Remember those BIC For Her pens that inspired hilarious customer reviews a while back? Well, they weren't the first pens to be marketed to small-handed, weak-fingered women.
In "Girlie Pens, Again? Why Ordinary Things Go Pink" Lisa Hix explores the reasons behind Pink Think, when "mid-century manufacturers realized that if you take an ordinary object, turn it pink, and put the word 'Lady' in front of the name, then you've created a product 'for women' that can be sold for more money."
When I was in elementary school, we played a game in P.E. where we basically just threw foam balls at targets. My mean gym teacher Ms. Heinz would make the girls stand closer to the targets than the boys, because presumably 8-year-old males have rocket arms or something while 8-year-old females need special accommodations just to get a nerf ball off the ground (not the case). I remember thinking, "Why do we girls need our own version of this dumb game when we could just play the one the boys are playing?" My thinking is similar, if gender-role-reversed, when it comes to MANteresting. Who needs a men-only, crappier version of Pinterest?
Maude Lebowski called. She wants her vagina art back.
Lest you think nothing good could come of this essentialist (only women with vaginas who have orgasms that come from sexual partners can be creative or experience feminine joy), privileged (Wolf recounts looking out from her "little cottage upstate," contemplating her vadge next to a "cold iron wood stove," and she is getting paid to write a book about it), prescriptive (ladies, if you want a partner who treats your vagina right that person best be familiar with "the Goddess Array"), cringe-worthy (see: "yoni massage") tome, think again: Ariel Levy has written a smart and hilarious review and you should read it.
You may have seen the hilarious Amazon customer reviews for the BIC "For Her" Ball Pen that have been circulating the web this week. Written in response to BIC's ludicrous idea that women need a pen with an "Elegant design - just for her!" and a "Thin barrel to fit a women's hand," the reviews are smart, sarcastic, and sounding alarms in the social media world for all the wrong reasons.
Legendary comedienne Phyllis Diller died yesterday at the age of 95. Though she wasn't the first woman to do standup comedy, her jokes about domestic life and her willingness to make fun of herself paved the way for countless funny ladies who came after her.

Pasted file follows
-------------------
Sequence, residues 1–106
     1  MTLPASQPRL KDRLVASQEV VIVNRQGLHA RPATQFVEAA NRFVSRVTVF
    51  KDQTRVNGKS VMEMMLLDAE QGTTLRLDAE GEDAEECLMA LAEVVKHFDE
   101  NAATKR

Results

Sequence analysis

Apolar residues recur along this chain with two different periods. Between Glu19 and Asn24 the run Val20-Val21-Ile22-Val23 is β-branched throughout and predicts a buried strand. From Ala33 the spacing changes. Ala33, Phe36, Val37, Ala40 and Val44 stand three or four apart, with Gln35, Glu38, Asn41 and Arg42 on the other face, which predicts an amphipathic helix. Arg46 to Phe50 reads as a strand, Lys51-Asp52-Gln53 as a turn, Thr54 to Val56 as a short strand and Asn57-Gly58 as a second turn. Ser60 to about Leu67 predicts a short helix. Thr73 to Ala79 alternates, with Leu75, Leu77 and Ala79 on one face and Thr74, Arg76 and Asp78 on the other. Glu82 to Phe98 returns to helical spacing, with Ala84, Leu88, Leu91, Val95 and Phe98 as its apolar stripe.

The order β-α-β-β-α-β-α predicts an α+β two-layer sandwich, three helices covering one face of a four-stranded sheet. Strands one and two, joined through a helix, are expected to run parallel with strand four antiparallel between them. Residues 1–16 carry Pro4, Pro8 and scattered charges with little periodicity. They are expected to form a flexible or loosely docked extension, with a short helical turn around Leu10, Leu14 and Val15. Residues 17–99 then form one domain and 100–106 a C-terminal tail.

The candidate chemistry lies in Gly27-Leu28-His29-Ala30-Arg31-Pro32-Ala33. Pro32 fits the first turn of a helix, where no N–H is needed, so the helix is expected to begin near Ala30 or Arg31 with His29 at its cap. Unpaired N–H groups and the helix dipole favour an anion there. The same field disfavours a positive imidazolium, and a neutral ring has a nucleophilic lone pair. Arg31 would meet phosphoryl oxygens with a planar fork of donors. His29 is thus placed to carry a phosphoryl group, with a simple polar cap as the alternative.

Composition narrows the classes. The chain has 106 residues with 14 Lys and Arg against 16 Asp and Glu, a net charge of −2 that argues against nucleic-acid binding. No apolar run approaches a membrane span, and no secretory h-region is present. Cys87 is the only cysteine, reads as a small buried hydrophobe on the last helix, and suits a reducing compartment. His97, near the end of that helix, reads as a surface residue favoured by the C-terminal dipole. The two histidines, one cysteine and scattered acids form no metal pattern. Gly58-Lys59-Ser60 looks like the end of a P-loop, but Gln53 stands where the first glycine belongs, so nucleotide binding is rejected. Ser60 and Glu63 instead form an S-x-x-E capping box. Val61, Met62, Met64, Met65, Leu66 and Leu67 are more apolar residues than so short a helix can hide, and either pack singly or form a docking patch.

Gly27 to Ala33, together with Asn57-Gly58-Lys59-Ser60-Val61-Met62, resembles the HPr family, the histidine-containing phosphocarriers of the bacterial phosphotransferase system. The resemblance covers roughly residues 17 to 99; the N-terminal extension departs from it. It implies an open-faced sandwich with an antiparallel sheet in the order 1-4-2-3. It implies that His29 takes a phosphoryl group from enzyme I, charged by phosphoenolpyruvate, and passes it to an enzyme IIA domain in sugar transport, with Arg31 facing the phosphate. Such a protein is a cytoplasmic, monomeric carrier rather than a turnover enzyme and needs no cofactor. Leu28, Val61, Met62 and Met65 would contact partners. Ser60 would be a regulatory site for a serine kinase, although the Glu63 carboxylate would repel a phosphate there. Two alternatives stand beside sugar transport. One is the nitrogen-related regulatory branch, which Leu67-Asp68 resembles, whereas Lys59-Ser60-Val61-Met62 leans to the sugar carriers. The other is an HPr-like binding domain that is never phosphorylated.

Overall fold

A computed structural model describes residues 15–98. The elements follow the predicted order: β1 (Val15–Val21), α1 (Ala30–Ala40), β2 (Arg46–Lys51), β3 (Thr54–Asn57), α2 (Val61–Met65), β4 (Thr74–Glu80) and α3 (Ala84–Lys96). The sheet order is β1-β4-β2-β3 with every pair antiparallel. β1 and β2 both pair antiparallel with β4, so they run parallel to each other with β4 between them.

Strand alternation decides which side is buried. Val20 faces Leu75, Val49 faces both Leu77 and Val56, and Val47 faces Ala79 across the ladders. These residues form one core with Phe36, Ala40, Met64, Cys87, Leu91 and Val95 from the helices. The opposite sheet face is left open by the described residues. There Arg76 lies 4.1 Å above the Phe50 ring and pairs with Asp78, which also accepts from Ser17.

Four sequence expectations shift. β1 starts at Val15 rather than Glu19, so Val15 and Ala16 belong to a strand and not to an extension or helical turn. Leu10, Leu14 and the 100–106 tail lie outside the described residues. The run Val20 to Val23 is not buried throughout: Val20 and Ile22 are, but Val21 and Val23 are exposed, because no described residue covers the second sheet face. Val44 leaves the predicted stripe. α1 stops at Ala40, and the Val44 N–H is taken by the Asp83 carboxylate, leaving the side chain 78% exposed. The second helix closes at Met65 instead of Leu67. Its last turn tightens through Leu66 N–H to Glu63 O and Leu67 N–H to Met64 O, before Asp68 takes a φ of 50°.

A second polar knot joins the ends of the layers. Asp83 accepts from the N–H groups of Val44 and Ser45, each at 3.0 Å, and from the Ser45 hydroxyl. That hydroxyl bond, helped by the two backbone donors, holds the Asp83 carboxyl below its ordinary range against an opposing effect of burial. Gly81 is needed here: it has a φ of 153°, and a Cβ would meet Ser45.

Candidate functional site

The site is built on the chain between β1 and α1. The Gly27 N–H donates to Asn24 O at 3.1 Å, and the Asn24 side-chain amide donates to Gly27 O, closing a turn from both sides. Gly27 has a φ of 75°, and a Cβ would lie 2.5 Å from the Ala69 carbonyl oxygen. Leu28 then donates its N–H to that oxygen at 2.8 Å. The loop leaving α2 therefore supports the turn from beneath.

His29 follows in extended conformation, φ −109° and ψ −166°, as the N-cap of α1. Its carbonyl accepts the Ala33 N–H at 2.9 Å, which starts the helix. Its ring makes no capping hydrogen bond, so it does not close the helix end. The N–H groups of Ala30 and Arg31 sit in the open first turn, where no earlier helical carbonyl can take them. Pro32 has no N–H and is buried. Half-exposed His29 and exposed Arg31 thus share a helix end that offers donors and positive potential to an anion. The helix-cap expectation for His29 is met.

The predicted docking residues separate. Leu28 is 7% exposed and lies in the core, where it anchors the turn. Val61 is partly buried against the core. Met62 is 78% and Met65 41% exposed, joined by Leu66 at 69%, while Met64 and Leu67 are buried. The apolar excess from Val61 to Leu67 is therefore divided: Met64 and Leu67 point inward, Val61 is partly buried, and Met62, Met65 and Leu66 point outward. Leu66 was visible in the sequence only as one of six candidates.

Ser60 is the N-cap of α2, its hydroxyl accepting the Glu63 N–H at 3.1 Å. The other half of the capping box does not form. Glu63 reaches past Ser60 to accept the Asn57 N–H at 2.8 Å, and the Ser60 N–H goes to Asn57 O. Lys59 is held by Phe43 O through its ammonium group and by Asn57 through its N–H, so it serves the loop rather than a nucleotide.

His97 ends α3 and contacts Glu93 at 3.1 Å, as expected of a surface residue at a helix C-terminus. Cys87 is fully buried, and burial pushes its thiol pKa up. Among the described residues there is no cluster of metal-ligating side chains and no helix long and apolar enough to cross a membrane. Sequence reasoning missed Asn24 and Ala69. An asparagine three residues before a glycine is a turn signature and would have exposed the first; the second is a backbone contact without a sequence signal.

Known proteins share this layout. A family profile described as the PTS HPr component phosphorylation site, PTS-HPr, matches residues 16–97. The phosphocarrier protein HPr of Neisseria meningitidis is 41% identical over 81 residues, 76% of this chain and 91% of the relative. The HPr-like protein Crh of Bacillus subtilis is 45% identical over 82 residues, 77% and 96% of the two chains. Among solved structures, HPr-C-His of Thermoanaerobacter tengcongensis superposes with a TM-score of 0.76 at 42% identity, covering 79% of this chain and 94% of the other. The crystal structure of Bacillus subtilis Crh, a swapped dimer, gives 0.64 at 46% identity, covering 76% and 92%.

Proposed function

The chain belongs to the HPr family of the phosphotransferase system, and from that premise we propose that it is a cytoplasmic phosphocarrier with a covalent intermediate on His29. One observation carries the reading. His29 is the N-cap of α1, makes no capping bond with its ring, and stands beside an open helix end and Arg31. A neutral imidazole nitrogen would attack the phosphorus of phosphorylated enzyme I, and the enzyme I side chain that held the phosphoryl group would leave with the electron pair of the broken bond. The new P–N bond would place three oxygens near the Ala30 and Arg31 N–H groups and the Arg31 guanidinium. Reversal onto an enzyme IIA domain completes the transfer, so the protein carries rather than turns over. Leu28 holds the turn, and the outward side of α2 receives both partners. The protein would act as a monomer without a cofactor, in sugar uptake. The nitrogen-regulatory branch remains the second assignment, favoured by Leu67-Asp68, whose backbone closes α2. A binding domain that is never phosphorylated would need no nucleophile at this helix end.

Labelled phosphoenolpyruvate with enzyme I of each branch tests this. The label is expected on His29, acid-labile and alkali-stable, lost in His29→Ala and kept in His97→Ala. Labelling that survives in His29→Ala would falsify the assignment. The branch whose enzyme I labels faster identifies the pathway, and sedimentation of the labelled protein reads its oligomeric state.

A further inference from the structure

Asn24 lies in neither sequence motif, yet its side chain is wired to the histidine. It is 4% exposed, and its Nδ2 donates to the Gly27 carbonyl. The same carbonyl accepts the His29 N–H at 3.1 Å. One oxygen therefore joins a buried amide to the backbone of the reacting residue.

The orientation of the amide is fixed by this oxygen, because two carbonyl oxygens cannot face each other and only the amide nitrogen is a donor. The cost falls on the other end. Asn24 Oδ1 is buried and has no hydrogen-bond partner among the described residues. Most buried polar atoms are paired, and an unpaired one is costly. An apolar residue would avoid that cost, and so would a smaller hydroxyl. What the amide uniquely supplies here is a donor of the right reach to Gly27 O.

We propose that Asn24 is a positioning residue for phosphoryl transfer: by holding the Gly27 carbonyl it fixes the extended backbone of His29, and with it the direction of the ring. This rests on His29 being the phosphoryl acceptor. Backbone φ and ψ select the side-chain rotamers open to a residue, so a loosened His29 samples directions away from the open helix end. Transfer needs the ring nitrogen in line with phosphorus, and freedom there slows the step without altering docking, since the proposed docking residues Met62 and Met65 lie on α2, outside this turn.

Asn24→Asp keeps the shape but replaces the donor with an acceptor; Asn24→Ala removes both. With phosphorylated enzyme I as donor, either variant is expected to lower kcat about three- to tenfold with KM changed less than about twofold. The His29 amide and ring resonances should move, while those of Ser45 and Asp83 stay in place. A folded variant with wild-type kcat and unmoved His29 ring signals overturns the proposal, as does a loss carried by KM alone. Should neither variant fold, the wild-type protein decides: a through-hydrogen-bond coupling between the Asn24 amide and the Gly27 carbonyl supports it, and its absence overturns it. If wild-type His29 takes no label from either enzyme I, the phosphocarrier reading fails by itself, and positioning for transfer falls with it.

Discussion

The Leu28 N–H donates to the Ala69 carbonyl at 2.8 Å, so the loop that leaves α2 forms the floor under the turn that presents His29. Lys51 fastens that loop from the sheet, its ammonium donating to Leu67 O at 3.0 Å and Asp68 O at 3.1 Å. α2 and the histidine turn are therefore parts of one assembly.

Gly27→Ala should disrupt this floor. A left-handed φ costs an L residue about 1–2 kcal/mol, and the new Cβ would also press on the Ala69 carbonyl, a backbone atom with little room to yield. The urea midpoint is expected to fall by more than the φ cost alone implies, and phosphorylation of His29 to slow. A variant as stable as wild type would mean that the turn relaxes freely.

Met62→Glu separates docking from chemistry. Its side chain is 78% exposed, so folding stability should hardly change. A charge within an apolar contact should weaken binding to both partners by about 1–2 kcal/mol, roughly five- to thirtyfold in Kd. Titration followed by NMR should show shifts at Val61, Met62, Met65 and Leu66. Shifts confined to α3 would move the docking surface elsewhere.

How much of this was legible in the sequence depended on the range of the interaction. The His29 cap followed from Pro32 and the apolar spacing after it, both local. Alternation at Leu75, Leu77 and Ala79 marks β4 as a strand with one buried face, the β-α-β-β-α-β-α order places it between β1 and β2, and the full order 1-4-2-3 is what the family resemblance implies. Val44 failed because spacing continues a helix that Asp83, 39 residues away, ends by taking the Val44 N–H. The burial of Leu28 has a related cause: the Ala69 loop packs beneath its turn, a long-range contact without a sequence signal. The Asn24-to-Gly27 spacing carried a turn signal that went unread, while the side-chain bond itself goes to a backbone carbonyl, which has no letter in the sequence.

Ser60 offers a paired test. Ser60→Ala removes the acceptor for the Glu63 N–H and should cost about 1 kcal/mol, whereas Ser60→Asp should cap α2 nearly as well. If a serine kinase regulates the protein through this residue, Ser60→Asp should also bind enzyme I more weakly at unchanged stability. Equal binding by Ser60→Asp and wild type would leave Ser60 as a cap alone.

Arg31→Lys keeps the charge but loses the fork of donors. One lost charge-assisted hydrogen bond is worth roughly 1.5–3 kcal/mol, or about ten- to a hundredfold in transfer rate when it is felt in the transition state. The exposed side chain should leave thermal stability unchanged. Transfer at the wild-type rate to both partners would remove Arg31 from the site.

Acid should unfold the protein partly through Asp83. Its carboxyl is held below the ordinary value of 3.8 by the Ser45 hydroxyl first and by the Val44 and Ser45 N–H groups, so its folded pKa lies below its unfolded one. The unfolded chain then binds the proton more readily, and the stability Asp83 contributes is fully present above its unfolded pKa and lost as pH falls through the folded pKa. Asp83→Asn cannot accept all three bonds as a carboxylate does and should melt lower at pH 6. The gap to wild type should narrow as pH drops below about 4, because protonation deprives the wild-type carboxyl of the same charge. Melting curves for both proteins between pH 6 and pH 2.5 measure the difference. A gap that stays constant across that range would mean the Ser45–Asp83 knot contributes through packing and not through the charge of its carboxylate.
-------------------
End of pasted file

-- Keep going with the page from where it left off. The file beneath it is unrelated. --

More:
We spend a lot of time in the handful of decades that we exist in this world being told things and telling things. But there are comparitively very few moments when we allow our pretenses to drop and we come together to share something honest, and complex, and for many of us a little (or a lot) scary. That's a transformative thing.
What would happen if Melissa from Shakesville, Garland from Tiger Beatdown (and the Bitch blogs!), and Jessica from scATX joined forces and created a Super Site, like when the Transformers would combine and make a Super Robot? It sounds like the stuff of feminist blogosphere fanfic, but it's actually happening! Introducing: Flyover Feminism.
Kerry A. Gunther, bear management biologist at Yellowstone National Park explains in her information paper "Bears and Menstruating Women," "The objective of this paper is to present the data available on this subject so that [campers] can make an informed choice when deciding whether or not to hike and/or camp in bear country during their menstrual period." In the end, the author concludes that, "There is no evidence that grizzly and black bears are overly attracted to menstrual odors more than any other odor." However, those of us who menstruate should take the recommended precautions that include using tampons instead of pads, and packing out used tampons and pads out in a double baggie. I can see the headline now in a million women's magazines: "Could Your Tampons Get You Mauled to Death!?"
Oh, Bitch readers. My time with the Bridal Party series is nearing its end. For my penultimate post, I thought I'd share with you something I never knew existed prior to this series. Something so amazing (read: absurd) that I'm not even sure I can develop a critical thought framework around it. That is a lie. I could develop a critital thought framework about a slice of pie if I tried.
Sound familiar? You don't have to be Nigerian to recognize the challenge of traditional gender roles—and women being pigeon-holed into caregiving. Some of us have these roles upheld through political systems or religious faiths. However, in my case, the gendered role (of caring for everyone else and sacrificing my needs, constantly, for the betterment of my family and community) happens to be dictated by my culture. Still, my Nigerian/African heritage is a very central part of my identity; our family values, community-centric approach to everything, and the strong sense of duty that comes with both of those things have guided me for as long as I can remember. Thus, even with the heightened awareness that perhaps an unusual amount of self-sacrifice came with my name, I was reluctant to deviate from this for a very long time.